In a review of a book about billionaires, Michael Lewis (the author of The Big Short, Money Ball, and Liar’s Poker) writes that research shows that money itself changes the ethics and perspective of people:
What is clear about rich people and their money—and becoming ever clearer—is how it changes them. A body of quirky but persuasive research has sought to understand the effects of wealth and privilege on human behavior—and any future book about the nature of billionaires would do well to consult it. One especially fertile source is the University of California, Berkeley, psychology department lab overseen by a professor named Dacher Keltner. In one study, Keltner and his colleague Paul Piff installed note-takers and cameras at city street intersections with four-way stop signs. The people driving expensive cars were four times more likely to cut in front of other drivers than drivers of cheap cars. The researchers then followed the drivers to the city’s cross walks and positioned themselves as pedestrians, waiting to cross the street. The drivers in the cheap cars all respected the pedestrians’ right of way. The drivers in the expensive cars ignored the pedestrians 46.2 percent of the time—a finding that was replicated in spirit by another team of researchers in Manhattan, who found drivers of expensive cars were far more likely to double park. In yet another study, the Berkeley researchers invited a cross section of the population into their lab and marched them through a series of tasks. Upon leaving the laboratory testing room the subjects passed a big jar of candy. The richer the person, the more likely he was to reach in and take candy from the jar—and ignore the big sign on the jar that said the candy was for the children who passed through the department.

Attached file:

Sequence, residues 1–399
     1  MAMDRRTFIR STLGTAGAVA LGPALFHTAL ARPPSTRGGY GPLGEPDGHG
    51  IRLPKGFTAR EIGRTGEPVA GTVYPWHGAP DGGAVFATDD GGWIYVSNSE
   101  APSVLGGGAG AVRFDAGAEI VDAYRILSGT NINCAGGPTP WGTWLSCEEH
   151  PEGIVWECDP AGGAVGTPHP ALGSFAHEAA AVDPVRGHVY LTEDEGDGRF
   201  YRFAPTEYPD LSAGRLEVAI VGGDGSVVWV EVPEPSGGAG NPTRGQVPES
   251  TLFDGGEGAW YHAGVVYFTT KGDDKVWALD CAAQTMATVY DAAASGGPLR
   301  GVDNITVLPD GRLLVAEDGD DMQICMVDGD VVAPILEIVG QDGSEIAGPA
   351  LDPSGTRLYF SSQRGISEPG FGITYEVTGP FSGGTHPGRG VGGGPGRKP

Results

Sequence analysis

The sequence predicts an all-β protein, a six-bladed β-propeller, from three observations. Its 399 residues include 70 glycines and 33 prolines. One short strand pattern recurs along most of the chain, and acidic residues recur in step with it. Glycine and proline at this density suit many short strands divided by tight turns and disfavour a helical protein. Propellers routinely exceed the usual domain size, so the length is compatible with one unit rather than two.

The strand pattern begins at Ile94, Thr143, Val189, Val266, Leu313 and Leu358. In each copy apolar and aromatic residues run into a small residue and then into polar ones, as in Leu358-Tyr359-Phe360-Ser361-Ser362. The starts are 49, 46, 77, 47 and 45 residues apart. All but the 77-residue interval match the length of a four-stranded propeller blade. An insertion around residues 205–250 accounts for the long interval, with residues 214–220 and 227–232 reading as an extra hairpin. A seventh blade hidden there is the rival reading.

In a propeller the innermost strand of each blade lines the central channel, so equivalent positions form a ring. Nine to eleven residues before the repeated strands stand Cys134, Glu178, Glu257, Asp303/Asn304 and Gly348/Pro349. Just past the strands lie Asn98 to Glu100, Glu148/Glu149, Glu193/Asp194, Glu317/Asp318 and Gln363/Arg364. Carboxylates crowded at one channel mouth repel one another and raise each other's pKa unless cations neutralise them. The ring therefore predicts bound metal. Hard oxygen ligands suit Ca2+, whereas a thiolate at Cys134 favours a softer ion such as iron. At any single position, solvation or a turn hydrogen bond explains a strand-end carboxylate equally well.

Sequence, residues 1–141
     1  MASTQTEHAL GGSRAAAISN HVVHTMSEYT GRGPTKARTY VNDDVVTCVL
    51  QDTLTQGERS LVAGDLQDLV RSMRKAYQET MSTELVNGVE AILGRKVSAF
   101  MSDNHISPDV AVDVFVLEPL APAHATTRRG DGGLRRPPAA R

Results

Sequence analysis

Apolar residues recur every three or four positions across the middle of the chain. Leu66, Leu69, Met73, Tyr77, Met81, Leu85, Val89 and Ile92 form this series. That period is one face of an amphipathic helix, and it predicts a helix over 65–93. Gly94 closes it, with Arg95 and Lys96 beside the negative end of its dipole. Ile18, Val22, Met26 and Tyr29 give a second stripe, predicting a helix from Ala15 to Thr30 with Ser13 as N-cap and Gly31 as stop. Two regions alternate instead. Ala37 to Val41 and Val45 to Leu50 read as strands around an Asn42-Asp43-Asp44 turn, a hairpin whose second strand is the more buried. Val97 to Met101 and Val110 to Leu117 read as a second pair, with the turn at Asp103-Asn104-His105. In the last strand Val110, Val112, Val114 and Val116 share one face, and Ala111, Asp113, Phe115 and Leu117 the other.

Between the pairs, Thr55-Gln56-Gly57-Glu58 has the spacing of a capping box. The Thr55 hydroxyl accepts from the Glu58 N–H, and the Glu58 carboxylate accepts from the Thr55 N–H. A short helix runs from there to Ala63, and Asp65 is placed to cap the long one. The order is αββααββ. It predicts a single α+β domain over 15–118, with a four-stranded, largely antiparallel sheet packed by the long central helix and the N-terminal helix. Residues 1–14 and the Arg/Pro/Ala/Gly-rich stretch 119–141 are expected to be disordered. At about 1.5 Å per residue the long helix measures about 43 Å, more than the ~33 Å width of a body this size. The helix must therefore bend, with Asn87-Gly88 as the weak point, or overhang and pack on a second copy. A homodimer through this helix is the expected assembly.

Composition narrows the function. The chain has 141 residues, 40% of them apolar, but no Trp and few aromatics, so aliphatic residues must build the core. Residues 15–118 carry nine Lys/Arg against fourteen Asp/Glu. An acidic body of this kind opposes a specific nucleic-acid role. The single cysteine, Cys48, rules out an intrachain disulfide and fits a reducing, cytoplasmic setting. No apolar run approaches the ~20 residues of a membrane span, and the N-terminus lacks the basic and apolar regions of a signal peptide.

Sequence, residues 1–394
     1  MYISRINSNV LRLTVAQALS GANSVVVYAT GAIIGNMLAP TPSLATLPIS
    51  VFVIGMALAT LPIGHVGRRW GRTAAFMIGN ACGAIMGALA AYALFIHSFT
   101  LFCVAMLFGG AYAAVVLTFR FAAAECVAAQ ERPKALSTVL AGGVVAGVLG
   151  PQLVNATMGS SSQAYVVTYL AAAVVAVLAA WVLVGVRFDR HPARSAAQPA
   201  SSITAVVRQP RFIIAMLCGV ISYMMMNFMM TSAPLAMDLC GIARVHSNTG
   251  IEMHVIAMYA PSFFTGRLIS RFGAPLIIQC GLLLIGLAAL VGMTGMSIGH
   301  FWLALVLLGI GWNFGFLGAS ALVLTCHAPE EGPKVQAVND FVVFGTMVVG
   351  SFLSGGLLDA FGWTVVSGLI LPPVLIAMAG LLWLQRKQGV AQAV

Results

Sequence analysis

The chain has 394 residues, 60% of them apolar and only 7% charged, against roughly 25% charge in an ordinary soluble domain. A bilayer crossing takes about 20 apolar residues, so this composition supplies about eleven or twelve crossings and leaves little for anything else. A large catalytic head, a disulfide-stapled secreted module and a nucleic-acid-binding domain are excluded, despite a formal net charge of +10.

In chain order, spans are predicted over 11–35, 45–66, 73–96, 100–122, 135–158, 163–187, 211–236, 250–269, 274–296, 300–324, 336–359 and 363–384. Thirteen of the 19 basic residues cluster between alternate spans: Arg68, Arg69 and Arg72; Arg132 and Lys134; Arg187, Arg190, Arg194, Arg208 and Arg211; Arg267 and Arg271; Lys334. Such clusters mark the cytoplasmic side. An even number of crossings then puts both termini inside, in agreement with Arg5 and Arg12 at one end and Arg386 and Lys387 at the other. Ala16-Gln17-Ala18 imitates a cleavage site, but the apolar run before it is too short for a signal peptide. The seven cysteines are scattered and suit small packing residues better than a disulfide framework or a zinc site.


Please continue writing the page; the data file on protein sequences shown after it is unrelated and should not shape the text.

Maybe my favorite study done by the Berkeley team rigged a game with cash prizes in favor of one of the players, and then showed how that person, as he grows richer, becomes more likely to cheat. In his forthcoming book on power, Keltner contemplates his findings:
If I have $100,000 in my bank account, winning $50 alters my personal wealth in trivial fashion. It just isn’t that big of a deal. If I have $84 in my bank account, winning $50 not only changes my personal wealth significantly, it matters in terms of the quality of my life—the extra $50 changes what bill I might be able to pay, what I might put in my refrigerator at the end of the month, the kind of date I would go out on, or whether or not I could buy a beer for a friend. The value of winning $50 is greater for the poor, and, by implication, the incentive for lying in our study greater. Yet it was our wealthy participants who were far more likely to lie for the chance of winning fifty bucks.
There is plenty more like this to be found, if you look for it. A team of researchers at the New York State Psychiatric Institute surveyed 43,000 Americans and found that, by some wide margin, the rich were more likely to shoplift than the poor. Another study, by a coalition of nonprofits called the Independent Sector, revealed that people with incomes below twenty-five grand give away, on average, 4.2 percent of their income, while those earning more than 150 grand a year give away only 2.7 percent. A UCLA neuroscientist named Keely Muscatell has published an interesting paper showing that wealth quiets the nerves in the brain associated with empathy: if you show rich people and poor people pictures of kids with cancer, the poor people’s brains exhibit a great deal more activity than the rich people’s. (An inability to empathize with others has just got to be a disadvantage for any rich person seeking political office, at least outside of New York City.) “As you move up the class ladder,” says Keltner, “you are more likely to violate the rules of the road, to lie, to cheat, to take candy from kids, to shoplift, and to be tightfisted in giving to others. Straightforward economic analyses have trouble making sense of this pattern of results.”
There is an obvious chicken-and-egg question to ask here. But it is beginning to seem that the problem isn’t that the kind of people who wind up on the pleasant side of inequality suffer from some moral disability that gives them a market edge. The problem is caused by the inequality itself: it triggers a chemical reaction in the privileged few. It tilts their brains. It causes them to be less likely to care about anyone but themselves or to experience the moral sentiments needed to be a decent citizen.
Now think about what this means in a world where most Members of Congress are multi-millionaires!